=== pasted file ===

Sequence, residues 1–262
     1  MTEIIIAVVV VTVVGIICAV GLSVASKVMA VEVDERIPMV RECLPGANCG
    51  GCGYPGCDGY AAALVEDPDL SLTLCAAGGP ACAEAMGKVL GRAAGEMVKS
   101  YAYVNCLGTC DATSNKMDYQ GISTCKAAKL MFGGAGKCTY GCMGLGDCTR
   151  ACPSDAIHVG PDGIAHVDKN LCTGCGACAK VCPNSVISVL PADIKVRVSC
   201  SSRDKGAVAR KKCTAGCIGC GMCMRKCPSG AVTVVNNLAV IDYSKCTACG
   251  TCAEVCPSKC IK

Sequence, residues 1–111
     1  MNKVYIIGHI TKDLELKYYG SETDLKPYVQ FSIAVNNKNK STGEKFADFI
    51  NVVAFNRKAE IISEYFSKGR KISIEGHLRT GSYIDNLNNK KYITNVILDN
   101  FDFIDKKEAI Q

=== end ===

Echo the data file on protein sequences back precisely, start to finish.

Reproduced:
Sequence, residues 1–262
     1  MTEIIIAVVV VTVVGIICAV GLSVASKVMA VEVDERIPMV RECLPGANCG
    51  GCGYPGCDGY AAALVEDPDL SLTLCAAGGP ACAEAMGKVL GRAAGEMVKS
   101  YAYVNCLGTC DATSNKMDYQ GISTCKAAKL MFGGAGKCTY GCMGLGDCTR
   151  ACPSDAIHVG PDGIAHVDKN LCTGCGACAK VCPNSVISVL PADIKVRVSC
   201  SSRDKGAVAR KKCTAGCIGC GMCMRKCPSG AVTVVNNLAV IDYSKCTACG
   251  TCAEVCPSKC IK

Sequence, residues 1–111
     1  MNKVYIIGHI TKDLELKYYG SETDLKPYVQ FSIAVNNKNK STGEKFADFI
    51  NVVAFNRKAE IISEYFSKGR KISIEGHLRT GSYIDNLNNK KYITNVILDN
   101  FDFIDKKEAI Q